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When does cellphone distraction actually end?

On Behalf of | May 23, 2024 | Motor Vehicle Accidents

Drivers certainly know that cellphones can be distracting on many fronts. The most common example of this is texting and driving. But drivers can also get distracted as they listen to music, use social media, read emails, take pictures or videos, program a GPS destination and much more. There are many tasks that drivers do on their phones every time they get behind the wheel.

To stay safe, drivers will sometimes decide that they will only use the phone after the car has stopped. If they want to choose a new song, for instance, they won’t do it while they’re driving. They will wait until they stop at a red light and pick the song at that point. When the light turns green, they put the phone down again, thus avoiding driver distraction.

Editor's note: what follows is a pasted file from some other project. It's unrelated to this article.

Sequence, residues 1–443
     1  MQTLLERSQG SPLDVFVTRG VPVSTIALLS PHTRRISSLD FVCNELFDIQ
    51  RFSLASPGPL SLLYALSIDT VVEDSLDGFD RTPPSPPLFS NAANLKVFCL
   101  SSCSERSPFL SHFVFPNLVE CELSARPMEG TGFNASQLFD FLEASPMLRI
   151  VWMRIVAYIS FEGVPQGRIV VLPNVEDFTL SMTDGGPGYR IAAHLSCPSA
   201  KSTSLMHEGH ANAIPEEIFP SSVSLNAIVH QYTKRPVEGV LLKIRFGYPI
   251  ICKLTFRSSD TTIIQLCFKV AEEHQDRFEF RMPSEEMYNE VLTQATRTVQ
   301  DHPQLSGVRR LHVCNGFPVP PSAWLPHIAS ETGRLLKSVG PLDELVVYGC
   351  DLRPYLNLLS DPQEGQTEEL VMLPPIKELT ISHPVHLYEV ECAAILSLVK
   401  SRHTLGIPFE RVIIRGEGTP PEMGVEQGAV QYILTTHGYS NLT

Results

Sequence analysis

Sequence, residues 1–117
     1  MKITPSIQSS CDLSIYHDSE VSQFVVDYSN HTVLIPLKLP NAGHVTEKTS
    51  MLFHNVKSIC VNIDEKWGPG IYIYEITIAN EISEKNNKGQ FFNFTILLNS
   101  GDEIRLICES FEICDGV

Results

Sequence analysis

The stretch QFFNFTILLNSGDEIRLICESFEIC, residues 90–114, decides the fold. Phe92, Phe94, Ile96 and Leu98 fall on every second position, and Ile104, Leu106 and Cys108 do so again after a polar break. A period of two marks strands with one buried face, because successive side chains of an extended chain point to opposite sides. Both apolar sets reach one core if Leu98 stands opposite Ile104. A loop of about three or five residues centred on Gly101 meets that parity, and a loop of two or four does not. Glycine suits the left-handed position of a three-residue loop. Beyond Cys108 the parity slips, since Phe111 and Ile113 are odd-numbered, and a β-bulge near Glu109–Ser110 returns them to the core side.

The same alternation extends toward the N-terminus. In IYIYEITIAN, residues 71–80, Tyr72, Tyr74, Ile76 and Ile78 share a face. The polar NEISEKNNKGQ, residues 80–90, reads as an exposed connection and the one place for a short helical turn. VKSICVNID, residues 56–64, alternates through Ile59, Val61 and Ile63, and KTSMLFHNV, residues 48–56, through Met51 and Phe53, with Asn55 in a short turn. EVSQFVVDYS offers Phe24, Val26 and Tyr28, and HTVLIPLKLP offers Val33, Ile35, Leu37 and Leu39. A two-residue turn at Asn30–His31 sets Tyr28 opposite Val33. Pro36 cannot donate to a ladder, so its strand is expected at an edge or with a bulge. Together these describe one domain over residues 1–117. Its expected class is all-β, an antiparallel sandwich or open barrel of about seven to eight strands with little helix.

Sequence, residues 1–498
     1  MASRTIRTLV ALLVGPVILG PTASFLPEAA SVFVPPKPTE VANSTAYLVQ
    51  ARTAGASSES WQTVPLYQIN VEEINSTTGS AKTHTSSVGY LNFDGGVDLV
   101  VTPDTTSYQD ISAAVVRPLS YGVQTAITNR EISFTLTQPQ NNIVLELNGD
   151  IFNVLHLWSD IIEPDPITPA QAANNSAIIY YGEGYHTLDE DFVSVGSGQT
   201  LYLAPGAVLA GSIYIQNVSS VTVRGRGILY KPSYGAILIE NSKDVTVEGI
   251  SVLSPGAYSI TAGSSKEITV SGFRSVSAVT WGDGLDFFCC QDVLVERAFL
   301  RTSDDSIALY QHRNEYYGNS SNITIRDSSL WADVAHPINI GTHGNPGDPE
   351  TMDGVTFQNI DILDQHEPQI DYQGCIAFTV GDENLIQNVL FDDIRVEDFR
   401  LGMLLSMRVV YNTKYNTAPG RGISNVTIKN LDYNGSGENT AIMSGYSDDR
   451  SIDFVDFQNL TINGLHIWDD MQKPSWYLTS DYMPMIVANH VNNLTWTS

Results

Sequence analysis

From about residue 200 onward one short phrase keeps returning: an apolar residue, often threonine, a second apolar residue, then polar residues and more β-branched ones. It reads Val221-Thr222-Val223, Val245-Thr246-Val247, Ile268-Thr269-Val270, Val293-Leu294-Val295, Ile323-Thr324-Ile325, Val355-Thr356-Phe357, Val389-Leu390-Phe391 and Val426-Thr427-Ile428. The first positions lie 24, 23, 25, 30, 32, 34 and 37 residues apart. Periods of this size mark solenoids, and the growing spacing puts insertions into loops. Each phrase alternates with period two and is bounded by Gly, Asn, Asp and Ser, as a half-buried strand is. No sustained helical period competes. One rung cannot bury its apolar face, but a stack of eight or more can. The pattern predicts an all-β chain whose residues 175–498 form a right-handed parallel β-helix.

Does it really work?

The problem with this tactic is that it doesn’t actually work, at least not as well as drivers believe. Studies find that people are still cognitively distracted for nearly half a minute after they stop interacting with their phones.

Additionally, using a phone in any situation takes the driver’s eyes off of the conditions around them. For instance, a driver waiting at a red light should be watching the crosswalks to see if there are pedestrians, checking their mirrors for cyclists and other vehicles and things of this nature. If the driver is staring at their phone and suddenly looks up when traffic starts moving, they’re not nearly as focused on driving the car safely.

Have you been injured by a negligent driver? If so, you may deserve financial compensation for medical bills and much more.